The Egg format is a file format unique to Panda3D. It is a text-based format, which means it can be opened in a text editor to inspect its contents.
An Egg file can contain static geometry, but it can also contain information for animating the model, as well as information about the model’s material, ie. what color the material has, and how this color changes under the influence of lighting). However, unlike Bam, it cannot represent all of the things that are possible in Panda3D. For instance, light sources are not represented.
To create an Egg file, you will need to use a modeling program (like Autodesk Maya or 3ds Max) combined with either an export plugin or a file format converter. You can read more about this process in the following sections.
The Egg format supports, among other things:
Triangles and larger polygons
Joints (aka Bones)
Texture pathnames (textures are not stored)
Bone-based animation keyframes
Morph targets (aka Blend targets)
Morph animation keyframes
Many control flags
Notably, these things are not represented:
The paths (e.g. for textures) can be either relative (as seen from the Egg file) or absolute (full path). See Panda Filename Syntax for more info about Panda’s Filename Syntax. In most cases the relative path makes more sense.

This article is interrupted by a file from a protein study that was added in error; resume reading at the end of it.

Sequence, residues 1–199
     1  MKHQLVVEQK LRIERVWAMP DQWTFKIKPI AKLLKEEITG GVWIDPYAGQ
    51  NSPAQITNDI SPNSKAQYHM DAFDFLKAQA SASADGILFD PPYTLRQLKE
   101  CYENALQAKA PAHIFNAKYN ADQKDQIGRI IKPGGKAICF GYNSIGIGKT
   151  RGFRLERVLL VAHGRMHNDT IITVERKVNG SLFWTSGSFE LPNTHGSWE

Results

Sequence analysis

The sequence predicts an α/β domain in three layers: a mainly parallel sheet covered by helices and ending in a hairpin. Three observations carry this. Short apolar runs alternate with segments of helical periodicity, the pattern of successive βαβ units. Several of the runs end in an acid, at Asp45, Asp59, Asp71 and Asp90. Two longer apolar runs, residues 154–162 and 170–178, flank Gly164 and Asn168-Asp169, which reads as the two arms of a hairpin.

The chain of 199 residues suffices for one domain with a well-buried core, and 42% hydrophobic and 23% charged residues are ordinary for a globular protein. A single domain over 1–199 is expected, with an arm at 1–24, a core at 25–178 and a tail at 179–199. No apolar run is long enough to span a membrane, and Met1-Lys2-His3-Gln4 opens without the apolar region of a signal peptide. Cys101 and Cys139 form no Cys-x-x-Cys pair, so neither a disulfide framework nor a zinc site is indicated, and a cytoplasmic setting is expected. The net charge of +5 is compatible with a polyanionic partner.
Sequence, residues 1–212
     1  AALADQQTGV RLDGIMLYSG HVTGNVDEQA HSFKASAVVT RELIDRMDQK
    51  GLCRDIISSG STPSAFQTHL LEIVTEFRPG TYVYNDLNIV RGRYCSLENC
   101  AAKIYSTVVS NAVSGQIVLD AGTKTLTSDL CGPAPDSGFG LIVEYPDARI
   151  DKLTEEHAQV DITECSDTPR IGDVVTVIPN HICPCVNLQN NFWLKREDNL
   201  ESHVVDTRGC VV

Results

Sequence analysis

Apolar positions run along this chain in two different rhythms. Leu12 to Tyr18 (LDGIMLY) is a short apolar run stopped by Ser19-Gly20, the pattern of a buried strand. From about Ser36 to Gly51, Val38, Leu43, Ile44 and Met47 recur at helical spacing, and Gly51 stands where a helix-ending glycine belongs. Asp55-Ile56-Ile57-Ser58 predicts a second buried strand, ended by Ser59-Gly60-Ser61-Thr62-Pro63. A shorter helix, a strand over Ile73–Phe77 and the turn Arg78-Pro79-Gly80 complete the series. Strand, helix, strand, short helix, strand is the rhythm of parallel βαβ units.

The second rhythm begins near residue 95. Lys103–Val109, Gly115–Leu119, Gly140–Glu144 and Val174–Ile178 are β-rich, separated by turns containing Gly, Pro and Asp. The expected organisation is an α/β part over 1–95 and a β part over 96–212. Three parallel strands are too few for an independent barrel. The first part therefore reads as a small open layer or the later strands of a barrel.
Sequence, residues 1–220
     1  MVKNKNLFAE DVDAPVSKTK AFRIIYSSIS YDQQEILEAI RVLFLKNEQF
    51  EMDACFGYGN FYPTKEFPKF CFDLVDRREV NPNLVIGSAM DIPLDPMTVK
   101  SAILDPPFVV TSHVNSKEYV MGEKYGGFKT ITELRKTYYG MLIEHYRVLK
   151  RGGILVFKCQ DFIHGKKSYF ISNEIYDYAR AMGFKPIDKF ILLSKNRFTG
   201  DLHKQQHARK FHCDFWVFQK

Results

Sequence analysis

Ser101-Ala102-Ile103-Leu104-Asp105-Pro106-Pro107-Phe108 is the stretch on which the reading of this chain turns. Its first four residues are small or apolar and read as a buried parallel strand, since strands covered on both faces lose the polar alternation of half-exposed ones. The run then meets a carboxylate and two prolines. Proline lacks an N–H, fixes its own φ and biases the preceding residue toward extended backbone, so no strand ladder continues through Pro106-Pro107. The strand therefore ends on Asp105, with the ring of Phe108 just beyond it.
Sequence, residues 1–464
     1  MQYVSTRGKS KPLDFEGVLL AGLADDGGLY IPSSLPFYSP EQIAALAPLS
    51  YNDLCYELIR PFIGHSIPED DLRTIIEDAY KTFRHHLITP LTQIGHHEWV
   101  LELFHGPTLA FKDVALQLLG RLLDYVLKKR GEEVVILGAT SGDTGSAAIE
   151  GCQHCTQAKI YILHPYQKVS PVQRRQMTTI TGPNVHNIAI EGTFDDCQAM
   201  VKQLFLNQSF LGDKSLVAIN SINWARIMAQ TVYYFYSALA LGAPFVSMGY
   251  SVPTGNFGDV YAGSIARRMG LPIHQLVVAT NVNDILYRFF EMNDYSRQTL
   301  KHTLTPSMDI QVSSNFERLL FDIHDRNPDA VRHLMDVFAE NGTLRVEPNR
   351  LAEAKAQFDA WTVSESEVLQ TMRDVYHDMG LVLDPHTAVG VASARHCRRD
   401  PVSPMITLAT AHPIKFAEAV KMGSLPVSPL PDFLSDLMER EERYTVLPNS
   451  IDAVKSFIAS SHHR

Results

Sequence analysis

The EGG format is somewhat unique in that animations can be stored in a separate Egg file. In fact, the most common approach is to have one Egg file containing the model and its joint hierarchy, and to have a separate Egg file for each animation that acts on this joint hierarchy. These files are then specified together when loading the animated model into Panda3D. This is what you will see in the models that are shipped with the sample programs.
However, this is not strictly necessary, and an Egg file can be produced that contains both the model and its associated animations.
Egg files are less suitable as a format for storing whole scenes, because they lack the ability to store information about light sources. However, if need be, this information can still be passed from the modelling program via custom tags added to dummy objects.
There are a few models provided in the “models” folder of the Panda3D SDK installation that can be used as example files or as temporary stand-ins. Other models are provided with the sample programs available on the download page.
In addition, here are two sources containing an assortment of models in the Egg format: